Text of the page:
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TonyTax
TonyTax, Tax Consultant
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Experience:  Inc Tax, CGT, Corp Tax, IHT, VAT.
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Hi There, UK Tax Question We have a Ltd Company which

Customer Question

Hi There,

UK Tax Question

We have a Ltd Company which has recently (last week) ceased trading. The company will be liquidated and the assets distributed to the shareholders as a capital distribution which will be subject to Capital Gains Tax at the 10% Entrepreneur's rate.

Included in the company assets are an overdrawn Director's Loan balance £50,000 and a s.455 tax asset of £12,500.

My question is can the £12,500 be reclaimed from HMRC on liquidation, if the underlying Directors Loan account has actually not been repaid?

Thanks,
Danny
Submitted: 4 years ago.
Category: Tax
Expert:  TonyTax replied 4 years ago.
Hi.

Will there be a formal liquidation process involving a liquidator or will you be handling the winding up yourself?
Customer: replied 4 years ago.

Hi TonyTax,


 


A liquidator will be appointed and a formal liquidation undertaken.


 


Thanks,


Danny.

Expert:  TonyTax replied 4 years ago.
Thanks.

Leave this with me while I draft my answer. There is a fair amount to it so please bear with me.
Expert:  TonyTax replied 4 years ago.

Hi again.

If the company will be going through a formal liquidation process, the liquidator will be duty bound to try to recover any monies owing to the company from whoever the debtors are and that includes directors. If the liquidator formally writes off the loan, there may be income tax implications for the director concerned (see below).

 

Normally, the Section 455 tax will not be repaid unless the loan is repaid. However, if the company is a close company and the loan is written off and there is a personal tax charge on the director, it may be possible to reclaim the Section 455 tax from HMRC.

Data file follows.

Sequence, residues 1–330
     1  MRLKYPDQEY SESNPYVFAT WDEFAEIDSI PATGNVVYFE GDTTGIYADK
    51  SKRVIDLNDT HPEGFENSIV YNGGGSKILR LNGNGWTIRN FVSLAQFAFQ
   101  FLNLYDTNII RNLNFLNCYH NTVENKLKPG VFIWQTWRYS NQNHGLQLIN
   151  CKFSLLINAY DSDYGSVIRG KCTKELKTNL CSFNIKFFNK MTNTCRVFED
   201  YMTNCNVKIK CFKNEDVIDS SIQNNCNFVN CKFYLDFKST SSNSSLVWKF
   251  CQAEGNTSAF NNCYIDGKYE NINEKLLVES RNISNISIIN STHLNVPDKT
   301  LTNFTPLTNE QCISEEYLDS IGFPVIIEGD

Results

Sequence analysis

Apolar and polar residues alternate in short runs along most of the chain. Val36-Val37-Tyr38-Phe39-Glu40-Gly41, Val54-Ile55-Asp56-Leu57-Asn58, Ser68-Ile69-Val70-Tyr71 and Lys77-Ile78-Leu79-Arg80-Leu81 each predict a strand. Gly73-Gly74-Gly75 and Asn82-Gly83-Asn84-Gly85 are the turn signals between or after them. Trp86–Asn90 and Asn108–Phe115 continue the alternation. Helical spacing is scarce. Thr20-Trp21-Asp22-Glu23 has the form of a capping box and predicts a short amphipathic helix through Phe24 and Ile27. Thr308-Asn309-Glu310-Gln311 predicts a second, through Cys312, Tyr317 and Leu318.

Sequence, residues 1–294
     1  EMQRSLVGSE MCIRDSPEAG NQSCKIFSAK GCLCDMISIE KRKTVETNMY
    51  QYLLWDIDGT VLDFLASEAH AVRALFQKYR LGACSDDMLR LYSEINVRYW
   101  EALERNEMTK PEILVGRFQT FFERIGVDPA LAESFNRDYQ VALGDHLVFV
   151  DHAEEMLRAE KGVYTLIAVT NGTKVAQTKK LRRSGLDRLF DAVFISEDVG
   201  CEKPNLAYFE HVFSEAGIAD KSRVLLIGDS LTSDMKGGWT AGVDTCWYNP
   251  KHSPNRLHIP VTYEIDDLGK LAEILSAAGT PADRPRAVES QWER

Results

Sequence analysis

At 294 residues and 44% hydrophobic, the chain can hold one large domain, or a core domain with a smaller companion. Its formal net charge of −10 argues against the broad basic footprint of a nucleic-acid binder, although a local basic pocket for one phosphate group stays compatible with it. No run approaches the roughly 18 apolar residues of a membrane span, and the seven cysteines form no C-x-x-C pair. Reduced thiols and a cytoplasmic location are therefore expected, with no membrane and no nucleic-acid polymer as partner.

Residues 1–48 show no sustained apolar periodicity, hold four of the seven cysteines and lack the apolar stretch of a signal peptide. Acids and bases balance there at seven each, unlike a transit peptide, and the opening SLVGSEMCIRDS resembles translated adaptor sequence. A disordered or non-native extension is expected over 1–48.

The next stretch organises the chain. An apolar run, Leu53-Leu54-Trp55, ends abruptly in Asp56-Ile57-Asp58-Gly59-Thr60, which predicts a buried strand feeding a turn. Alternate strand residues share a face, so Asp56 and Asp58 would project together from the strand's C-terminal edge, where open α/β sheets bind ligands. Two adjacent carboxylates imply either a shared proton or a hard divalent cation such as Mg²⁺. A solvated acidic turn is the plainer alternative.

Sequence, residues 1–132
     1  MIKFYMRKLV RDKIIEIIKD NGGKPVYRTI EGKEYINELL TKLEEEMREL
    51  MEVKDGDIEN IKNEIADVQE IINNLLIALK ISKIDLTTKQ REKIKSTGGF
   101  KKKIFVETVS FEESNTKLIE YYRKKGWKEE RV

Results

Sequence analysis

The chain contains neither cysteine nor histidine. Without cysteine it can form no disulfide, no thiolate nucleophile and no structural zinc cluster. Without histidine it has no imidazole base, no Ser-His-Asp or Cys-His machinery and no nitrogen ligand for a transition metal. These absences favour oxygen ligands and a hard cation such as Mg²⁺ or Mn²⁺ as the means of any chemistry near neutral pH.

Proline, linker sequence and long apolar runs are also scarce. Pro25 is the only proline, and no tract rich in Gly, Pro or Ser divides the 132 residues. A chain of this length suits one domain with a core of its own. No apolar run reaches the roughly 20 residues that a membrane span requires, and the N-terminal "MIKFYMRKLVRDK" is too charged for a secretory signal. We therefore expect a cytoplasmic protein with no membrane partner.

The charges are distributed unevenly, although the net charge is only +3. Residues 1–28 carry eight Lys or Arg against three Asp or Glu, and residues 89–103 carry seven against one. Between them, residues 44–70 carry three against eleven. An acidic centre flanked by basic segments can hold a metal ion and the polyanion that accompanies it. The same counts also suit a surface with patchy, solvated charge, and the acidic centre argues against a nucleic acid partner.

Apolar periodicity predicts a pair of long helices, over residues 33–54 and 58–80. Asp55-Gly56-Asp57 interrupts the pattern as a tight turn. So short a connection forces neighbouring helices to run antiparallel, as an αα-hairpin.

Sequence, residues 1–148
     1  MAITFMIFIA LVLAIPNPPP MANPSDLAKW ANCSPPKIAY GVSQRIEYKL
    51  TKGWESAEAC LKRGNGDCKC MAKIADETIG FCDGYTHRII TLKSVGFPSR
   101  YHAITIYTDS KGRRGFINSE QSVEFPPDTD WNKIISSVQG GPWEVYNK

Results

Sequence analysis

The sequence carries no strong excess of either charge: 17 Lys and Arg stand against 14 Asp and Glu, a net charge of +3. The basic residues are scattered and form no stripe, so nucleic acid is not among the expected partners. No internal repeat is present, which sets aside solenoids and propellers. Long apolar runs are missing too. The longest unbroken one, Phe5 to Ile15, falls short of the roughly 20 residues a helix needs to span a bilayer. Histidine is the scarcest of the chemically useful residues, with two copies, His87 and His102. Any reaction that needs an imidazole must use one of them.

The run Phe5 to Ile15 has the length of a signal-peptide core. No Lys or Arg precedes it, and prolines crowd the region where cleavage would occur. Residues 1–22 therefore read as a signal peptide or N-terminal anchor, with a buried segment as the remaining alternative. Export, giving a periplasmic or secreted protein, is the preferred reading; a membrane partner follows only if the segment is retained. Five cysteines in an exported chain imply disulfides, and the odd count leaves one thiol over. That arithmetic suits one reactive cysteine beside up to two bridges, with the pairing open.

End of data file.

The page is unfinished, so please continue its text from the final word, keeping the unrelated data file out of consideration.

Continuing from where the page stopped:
If the loan is not repaid and is effectively forgiven or written off there may be personal tax implications for the director who is indebted to the company. It depends how any write off is arranged and whether the company is a close company or not. The amount written can be treated as a distribution net of basic rate tax so if the director is liable to tax at higher rates, there will be further tax to pay. National Insurance Contributions may also be payable.

 

You should discuss the matter with the liquidator who will look at your situation in detail and make proposals as to the best way to manage the overdrawn loan account. In my experience, a good liquidator can find ways to arrange matters to minimise adverse tax situations.

 

Take a look at the notes here which give some more detail on the tax implications around the write off of an overdrawn director's loan account.

 

I hope this helps but let me know if you have any further questions.

Customer: replied 4 years ago.

Hi Tony,


 


Thanks for you answer.


 


We are not proposing to write off the loan balance as this will lead to additional tax due. I am aware of the treatment of a loan written off.


 


The main point of my question is whether the liquidator will be able to recover the s.455 paid as it is a company asset, or if HMRC are likely to refuse to repay this unless the see evidence that the loan has been repaid.


 


It is not intended that the loan will be either repaid or written off.


 


My other option is to send a non-statutory business clearance request to HMRC.


 


Thanks,


Danny.

Expert:  TonyTax replied 4 years ago.
You have to make a claim for repayment of Section 455 tax either in a corporation tax return CT600 or by letter depending on when the claim is made and HMRC may ask for evidence that it has been repaid. Take a look under the heading "When you can reclaim the corporation tax" here.

The liquidator won't ignore the loan and will want to account for it in some way, either by writing it off or having it repaid to the company. He cannot ignore it.

The informal claim procedure which is no longer non-statutory but enshrined in legislation limits the amount that can be paid as a capital distribution to £25,000. Anything over and above that is treated as dividend. Take a look here for more inormation.
Expert:  TonyTax replied 4 years ago.
Hi again.

I can see that you have read all my responses to your questions. If there is anything you still wish to ask please do so. If not, would you kindly rate my answer so that I get paid for my work. Thanks.